From Beef to Bots? Harvard Professors Mired in Debate Over Spam Emails, Industry-Funded Research
Days Before Deadline, Environmentalist Overseer Campaign Harvard Forward On Track To Reach Nomination Goal
Swissbäkers Reopens Allston Location in Light of Recent Closures
Harvard Scientists Find Stress Makes Hair Turn Gray
The New Gen Ed Lottery System, Explained
In a world where headlines are dominated by stories of ethnic conflict, gang violence, and acts of terrorism, Harvard Psychology Professor Steven A. Pinker remains optimistic. His latest book, “The Better Angels of Our Nature: Why Violence Has Declined,” argues that the last few decades have been the most peaceful in human history and examines this development from a psychological perspective.
While this idea may strike many as counter-intuitive, Pinker presents a wealth of statistical evidence demonstrating that the rate of violent deaths has fallen over the course of history.
“There’s a misleading impression if you don’t look at the denominator of the expression—the number of people who are not murdered,” Pinker said. “Only studies that track violence over time give you an accurate impression.”
Twentieth century homicide rates in Europe, for example, show a 10- to 50-fold decrease in homicide rates during the late Middle Ages. Within the last decade, the rate of documented deaths from war, terrorism, genocide, and other political violence has been a fraction of a percentage point.
Combining history with insights from the field of evolutionary psychology, Pinker uses trends in violence as a window into human nature.
Pinker has touched upon the psychology of violence in previous publications but said he was inspired to devote an entire book to the subject when he discovered a large body of research indicating a strong historical trend.
“Violence is a potentially useful way of looking at human nature because it’s present in all societies but in different extents and different roles,” said Dr. John Carter Wood, a historian whose research involves the intersection of criminology and psychology.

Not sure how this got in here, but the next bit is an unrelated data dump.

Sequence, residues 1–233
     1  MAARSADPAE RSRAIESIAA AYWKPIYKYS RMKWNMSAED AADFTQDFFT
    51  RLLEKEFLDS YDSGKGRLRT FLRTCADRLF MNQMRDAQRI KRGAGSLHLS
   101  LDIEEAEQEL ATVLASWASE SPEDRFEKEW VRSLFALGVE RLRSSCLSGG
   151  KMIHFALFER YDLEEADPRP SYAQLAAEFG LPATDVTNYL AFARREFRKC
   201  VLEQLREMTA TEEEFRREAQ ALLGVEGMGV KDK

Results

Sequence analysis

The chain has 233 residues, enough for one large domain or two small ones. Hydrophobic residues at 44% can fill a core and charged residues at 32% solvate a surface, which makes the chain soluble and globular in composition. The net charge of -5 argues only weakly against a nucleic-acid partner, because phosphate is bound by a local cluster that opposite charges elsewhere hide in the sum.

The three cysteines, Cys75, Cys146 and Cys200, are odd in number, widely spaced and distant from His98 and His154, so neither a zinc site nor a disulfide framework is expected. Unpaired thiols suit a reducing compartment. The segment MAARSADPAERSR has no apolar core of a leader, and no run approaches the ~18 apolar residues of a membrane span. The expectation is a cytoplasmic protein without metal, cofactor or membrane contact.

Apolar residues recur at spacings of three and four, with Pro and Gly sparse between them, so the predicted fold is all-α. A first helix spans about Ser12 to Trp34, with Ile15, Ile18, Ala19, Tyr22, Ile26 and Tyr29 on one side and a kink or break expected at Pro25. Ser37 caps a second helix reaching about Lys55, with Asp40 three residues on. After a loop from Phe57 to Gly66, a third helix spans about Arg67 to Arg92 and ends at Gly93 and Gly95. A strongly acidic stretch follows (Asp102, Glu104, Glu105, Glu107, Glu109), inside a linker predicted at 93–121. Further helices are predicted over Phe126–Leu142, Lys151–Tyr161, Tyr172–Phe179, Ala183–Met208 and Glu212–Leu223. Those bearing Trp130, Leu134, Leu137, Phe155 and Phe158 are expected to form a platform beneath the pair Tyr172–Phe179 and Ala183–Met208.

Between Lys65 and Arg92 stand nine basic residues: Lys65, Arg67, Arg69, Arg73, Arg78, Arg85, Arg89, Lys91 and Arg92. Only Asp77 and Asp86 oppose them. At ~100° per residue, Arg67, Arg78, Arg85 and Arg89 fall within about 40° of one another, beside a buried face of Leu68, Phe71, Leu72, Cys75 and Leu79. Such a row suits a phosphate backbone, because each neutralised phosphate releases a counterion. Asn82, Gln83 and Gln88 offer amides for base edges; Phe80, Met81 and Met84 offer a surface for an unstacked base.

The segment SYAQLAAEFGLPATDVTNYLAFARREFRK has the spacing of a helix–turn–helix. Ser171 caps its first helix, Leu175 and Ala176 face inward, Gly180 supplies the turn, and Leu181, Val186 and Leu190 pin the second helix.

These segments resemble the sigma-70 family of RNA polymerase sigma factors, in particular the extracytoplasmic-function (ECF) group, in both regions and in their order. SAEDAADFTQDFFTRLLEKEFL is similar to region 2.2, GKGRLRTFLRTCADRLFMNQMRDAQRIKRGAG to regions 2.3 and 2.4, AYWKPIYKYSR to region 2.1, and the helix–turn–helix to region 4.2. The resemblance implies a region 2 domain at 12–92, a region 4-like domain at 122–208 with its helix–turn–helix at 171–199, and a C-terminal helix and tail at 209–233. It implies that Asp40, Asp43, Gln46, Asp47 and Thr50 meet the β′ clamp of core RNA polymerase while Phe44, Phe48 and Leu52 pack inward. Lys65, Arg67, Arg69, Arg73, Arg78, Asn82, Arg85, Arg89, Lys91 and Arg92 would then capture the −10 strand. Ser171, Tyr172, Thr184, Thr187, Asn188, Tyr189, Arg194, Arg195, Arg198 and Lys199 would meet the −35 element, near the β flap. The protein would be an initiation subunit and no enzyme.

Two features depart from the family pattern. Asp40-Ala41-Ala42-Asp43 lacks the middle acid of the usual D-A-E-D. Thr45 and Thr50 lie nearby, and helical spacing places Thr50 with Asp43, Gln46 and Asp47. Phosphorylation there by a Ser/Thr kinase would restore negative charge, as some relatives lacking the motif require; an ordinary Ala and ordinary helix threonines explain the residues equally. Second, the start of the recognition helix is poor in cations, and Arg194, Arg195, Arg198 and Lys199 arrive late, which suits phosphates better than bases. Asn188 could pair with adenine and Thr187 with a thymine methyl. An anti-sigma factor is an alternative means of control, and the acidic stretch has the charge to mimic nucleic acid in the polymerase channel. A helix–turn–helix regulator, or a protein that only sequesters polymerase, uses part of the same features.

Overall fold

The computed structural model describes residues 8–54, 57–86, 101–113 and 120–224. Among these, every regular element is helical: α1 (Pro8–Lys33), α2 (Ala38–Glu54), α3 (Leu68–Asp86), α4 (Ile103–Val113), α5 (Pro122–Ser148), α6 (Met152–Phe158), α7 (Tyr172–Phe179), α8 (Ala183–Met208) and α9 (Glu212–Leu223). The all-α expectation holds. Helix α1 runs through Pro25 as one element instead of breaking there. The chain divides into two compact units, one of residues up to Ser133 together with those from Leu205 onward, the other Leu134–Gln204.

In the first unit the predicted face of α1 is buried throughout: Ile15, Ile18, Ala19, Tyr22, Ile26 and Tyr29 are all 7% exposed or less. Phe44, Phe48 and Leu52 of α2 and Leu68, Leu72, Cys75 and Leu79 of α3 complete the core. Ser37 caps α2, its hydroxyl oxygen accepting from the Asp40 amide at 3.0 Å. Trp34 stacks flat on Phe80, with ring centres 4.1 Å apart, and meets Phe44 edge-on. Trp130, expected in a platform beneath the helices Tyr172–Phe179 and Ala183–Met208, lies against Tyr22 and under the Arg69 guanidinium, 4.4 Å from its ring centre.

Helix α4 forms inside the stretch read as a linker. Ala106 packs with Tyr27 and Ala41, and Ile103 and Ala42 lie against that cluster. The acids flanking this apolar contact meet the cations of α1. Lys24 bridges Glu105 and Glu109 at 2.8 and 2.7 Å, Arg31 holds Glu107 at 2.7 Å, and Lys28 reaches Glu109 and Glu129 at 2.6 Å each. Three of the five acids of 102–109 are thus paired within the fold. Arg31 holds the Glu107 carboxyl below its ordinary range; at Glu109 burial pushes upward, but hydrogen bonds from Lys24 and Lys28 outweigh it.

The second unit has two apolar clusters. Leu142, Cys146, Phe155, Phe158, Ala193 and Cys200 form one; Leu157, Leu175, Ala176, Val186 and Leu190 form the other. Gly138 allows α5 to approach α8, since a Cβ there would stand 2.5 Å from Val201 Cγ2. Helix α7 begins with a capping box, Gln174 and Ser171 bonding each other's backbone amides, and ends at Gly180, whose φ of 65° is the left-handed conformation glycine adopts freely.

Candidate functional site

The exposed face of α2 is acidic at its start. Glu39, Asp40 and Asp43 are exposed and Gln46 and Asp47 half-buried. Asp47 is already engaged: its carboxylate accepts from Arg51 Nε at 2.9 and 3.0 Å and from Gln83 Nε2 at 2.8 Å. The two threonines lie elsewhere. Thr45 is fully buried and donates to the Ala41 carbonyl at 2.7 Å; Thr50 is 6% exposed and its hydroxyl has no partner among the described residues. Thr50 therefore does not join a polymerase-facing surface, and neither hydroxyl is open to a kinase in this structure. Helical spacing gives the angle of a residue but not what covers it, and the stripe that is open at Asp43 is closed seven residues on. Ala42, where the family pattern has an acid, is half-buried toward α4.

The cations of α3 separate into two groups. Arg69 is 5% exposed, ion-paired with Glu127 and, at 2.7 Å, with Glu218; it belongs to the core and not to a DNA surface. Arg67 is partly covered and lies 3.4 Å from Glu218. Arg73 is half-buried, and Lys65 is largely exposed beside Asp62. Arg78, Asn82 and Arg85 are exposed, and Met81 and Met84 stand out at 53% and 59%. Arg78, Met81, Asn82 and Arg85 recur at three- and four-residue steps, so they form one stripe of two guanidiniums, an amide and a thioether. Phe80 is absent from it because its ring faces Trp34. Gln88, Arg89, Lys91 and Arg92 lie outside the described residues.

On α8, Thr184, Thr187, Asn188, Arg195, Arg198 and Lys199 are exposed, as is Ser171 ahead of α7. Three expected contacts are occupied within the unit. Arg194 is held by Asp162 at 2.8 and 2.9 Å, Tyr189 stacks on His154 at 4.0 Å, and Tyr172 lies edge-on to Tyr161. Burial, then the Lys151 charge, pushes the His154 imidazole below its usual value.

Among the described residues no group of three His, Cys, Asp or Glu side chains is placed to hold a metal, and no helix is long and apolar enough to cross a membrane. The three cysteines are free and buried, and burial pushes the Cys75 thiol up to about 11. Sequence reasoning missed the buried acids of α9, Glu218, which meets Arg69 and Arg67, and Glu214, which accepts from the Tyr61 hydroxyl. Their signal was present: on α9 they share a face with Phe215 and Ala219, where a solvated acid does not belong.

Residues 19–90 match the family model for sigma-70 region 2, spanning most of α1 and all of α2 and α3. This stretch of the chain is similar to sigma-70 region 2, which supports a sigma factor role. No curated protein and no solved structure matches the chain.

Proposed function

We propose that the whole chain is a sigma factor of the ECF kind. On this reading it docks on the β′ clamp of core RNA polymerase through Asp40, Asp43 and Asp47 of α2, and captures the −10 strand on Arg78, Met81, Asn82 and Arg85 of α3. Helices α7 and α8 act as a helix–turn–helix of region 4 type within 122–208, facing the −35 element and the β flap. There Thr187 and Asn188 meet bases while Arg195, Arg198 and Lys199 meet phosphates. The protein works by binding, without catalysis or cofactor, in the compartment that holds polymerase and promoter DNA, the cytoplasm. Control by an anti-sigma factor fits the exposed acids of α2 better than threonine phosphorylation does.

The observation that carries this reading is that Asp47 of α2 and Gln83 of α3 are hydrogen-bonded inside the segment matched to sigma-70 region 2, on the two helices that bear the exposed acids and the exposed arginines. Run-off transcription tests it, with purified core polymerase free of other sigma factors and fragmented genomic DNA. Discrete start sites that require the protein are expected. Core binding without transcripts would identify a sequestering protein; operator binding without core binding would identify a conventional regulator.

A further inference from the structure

According to Wood, who helped provide historical data for Pinker’s book, psychology can inform the study of history in a way that culture and sociology cannot.
“History and the humanities have to take [Pinker’s psychological] argument about human nature seriously. It will help improve our ability to explain things,” Wood said.
In “Better Angels,” Pinker identifies four “better angels”—self-control, empathy, morality, and reason—which are constantly at odds with our five “inner demons”—sadism, revenge, dominance, violence in pursuit of practical benefit and violence in pursuit of an ideology.
Pinker argues that while the fundamentals of human nature have remained unchanged, institutional forces such as democracy, effective policing, a fair judicial system, and free commerce have gradually succeeded in suppressing our inner demons.
By pointing out these key features of civilization that people “might otherwise take for granted,” Pinker hopes to inspire confidence in our capacity to live peacefully.
“If you think war will always tear apart countries in Africa and South Asia, then you might become complacent and fatigued,” Pinker said. “But if you are aware of statistics which show that rates of warfare can go down in even the nastiest parts of the world ... then you’re emboldened to try to figure out where you can solve problems.”
—Staff writer Matthew T. Lowe can be reached at email@example.com.
—Staff writer Kevin J. Wu can be reached at firstname.lastname@example.org.
Want to keep up with breaking news? Subscribe to our email newsletter.